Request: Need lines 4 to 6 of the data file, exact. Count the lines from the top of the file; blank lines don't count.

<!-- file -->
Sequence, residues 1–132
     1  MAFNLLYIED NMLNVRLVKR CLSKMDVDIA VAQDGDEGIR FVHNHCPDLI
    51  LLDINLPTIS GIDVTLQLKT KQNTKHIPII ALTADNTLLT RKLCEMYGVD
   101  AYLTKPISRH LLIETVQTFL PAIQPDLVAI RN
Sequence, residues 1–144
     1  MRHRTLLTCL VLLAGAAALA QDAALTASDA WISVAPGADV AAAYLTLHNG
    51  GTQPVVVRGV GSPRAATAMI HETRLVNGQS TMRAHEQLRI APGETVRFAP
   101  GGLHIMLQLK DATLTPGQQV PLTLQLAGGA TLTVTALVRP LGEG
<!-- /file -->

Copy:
   101  AYLTKPISRH LLIETVQTFL PAIQPDLVAI RN
Sequence, residues 1–144
     1  MRHRTLLTCL VLLAGAAALA QDAALTASDA WISVAPGADV AAAYLTLHNG